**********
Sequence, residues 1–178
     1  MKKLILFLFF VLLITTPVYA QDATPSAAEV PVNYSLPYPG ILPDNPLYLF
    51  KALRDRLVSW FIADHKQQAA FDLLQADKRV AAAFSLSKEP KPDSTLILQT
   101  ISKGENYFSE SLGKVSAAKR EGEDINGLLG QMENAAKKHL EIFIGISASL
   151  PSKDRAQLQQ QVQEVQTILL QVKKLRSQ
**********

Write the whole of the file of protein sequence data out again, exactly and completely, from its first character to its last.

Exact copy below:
Sequence, residues 1–178
     1  MKKLILFLFF VLLITTPVYA QDATPSAAEV PVNYSLPYPG ILPDNPLYLF
    51  KALRDRLVSW FIADHKQQAA FDLLQADKRV AAAFSLSKEP KPDSTLILQT
   101  ISKGENYFSE SLGKVSAAKR EGEDINGLLG QMENAAKKHL EIFIGISASL
   151  PSKDRAQLQQ QVQEVQTILL QVKKLRSQ